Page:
FRANKFURT (Reuters) - German drugmaker Merck KGaA has withdrawn its second attempt to win European approval for use of its Erbitux drug against lung cancer, capping a string of setbacks in its drug development.
Merck said on Tuesday it gave up the new attempt it made in March to win EU approval for the use of its second best-selling drug Erbitux against lung cancer, which had targeted a quarter of the patients it had initially tried to address.
“The decision to withdraw the application was based on feedback from European regulatory authorities, indicating that further data would be required,” Merck said in a statement.
It shares fell 1.5 percent to 93.42 euros at 0823 GMT, underperforming a 0.6 percent higher European healthcare index.
Among patients with metastatic non-small cell lung cancer (NSCLC) it had selected those with so-called high epidermal growth factor receptor (EGFR) expression as determined by a genetic test of the tumour tissue for the second approval bid.
Earlier this year, the head of Merck’s drugs unit, Stefan Oschmann, said the chances of approval were below 50 percent.
In 2009 Merck failed to win EU marketing approval for the use of Erbitux against lung tumours, the most common form of cancer and also one of the most deadly.
Both its first request and the one withdrawn on Tuesday focused on the non-small cell (NSCLC) type of the disease - accounting for about 80 percent of lung cancer cases - and on patients whose tumours have started spreading to other parts of the body.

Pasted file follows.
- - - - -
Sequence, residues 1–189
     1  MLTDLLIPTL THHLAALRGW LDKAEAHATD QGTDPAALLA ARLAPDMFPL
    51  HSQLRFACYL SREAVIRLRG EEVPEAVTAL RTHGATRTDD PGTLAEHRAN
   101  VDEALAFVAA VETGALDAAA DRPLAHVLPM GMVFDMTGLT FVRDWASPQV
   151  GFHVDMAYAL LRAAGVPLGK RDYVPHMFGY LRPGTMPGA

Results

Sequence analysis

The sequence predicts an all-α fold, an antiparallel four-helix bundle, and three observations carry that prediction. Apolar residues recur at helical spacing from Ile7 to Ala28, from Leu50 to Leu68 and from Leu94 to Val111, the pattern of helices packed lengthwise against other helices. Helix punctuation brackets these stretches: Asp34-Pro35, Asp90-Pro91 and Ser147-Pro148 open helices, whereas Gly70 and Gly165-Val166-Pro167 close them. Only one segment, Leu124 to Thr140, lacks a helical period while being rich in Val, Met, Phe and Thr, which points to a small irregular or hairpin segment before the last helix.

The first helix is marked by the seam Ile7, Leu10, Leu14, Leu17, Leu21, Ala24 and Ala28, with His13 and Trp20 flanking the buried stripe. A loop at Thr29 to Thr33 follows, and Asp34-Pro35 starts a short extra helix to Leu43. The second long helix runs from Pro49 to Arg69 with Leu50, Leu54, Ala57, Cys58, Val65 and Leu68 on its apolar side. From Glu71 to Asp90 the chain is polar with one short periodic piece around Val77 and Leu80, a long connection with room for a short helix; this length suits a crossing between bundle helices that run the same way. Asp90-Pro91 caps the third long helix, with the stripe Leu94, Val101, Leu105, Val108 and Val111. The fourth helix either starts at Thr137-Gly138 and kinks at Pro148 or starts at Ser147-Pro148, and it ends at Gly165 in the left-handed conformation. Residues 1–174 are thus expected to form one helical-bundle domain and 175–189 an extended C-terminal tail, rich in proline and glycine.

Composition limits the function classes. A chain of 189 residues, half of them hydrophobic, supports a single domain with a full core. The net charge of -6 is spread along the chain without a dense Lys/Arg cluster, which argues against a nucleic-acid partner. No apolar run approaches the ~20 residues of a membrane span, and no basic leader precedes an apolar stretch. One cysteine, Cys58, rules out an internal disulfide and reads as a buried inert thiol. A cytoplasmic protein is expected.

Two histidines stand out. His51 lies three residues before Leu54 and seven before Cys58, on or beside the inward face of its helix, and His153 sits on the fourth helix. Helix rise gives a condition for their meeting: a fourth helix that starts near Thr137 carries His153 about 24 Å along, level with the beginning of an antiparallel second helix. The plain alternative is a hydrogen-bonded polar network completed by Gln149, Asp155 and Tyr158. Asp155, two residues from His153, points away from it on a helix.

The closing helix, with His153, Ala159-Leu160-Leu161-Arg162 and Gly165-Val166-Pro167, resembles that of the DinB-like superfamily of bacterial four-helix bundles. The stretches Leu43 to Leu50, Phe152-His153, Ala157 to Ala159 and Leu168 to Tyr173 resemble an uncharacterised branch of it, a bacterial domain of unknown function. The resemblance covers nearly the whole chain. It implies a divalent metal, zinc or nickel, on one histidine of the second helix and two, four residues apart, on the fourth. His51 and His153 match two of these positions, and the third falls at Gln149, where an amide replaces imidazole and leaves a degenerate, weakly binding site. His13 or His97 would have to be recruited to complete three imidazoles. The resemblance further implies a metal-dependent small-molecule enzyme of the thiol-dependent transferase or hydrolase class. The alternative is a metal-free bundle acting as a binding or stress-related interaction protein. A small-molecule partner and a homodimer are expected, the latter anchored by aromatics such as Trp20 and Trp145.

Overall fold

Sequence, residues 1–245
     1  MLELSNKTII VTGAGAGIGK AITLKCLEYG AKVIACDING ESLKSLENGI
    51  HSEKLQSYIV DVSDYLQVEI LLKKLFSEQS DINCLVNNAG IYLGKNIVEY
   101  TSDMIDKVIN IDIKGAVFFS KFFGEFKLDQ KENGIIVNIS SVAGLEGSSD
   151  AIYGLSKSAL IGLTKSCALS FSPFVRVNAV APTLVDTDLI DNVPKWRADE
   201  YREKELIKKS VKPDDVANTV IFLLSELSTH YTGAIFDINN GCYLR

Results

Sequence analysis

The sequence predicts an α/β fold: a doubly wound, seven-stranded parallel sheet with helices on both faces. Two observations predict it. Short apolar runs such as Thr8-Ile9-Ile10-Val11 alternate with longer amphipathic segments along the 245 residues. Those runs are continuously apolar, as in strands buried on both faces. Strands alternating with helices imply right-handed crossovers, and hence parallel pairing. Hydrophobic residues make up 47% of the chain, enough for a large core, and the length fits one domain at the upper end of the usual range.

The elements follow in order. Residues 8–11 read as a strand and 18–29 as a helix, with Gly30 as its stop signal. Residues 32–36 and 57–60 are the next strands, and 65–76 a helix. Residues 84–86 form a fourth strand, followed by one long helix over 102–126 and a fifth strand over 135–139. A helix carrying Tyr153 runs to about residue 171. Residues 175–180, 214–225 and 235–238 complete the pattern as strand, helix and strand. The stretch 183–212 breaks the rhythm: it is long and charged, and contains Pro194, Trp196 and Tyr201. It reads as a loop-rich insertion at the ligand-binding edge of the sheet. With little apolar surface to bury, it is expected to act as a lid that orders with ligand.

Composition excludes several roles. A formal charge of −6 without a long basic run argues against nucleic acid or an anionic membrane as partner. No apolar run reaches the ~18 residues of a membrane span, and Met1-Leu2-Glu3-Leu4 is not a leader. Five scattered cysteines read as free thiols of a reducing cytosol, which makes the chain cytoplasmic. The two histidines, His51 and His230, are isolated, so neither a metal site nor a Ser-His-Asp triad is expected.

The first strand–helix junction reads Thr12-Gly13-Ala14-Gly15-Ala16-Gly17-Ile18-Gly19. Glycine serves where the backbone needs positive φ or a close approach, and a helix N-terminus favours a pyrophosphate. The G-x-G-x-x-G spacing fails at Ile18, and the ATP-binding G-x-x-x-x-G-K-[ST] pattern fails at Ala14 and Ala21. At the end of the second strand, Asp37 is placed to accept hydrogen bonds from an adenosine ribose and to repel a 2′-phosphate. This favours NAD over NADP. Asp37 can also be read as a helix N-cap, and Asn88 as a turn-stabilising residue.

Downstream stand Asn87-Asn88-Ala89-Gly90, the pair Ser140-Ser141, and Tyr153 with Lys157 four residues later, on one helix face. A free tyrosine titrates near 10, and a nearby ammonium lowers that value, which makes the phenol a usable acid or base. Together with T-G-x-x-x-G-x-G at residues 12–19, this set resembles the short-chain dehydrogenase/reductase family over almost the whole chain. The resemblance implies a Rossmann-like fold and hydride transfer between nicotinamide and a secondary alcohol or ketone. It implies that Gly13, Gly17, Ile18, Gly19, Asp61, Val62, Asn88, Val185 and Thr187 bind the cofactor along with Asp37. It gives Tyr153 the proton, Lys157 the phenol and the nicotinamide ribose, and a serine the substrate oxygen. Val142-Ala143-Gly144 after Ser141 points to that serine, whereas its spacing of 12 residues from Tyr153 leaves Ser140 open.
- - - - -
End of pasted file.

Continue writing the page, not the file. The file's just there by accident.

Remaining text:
The company also said that it was planning for cancer drug candidate TH-302, which it had licensed in from Threshold Pharmaceutical in February, to advance to the third and last phase of testing on humans required for regulatory approval. The drug will be tested against advanced pancreatic cancer.
Erbitux had sales of 855 million euros ($1.12 billion) in 2011 from treating bowel cancer and head and neck cancer. The company said last month it expected currency-adjusted growth in Erbitux sales of 1-4 percent this year.
As a result of recent lack of success in bringing new drugs to market, the company in February announced plans to cut costs across all its businesses, which also include specialty chemicals. It had previously replaced the head of its drugs unit.
Reporting by Ludwig Burger and Harro ten Wolde; Editing by Helen Massy-Beresford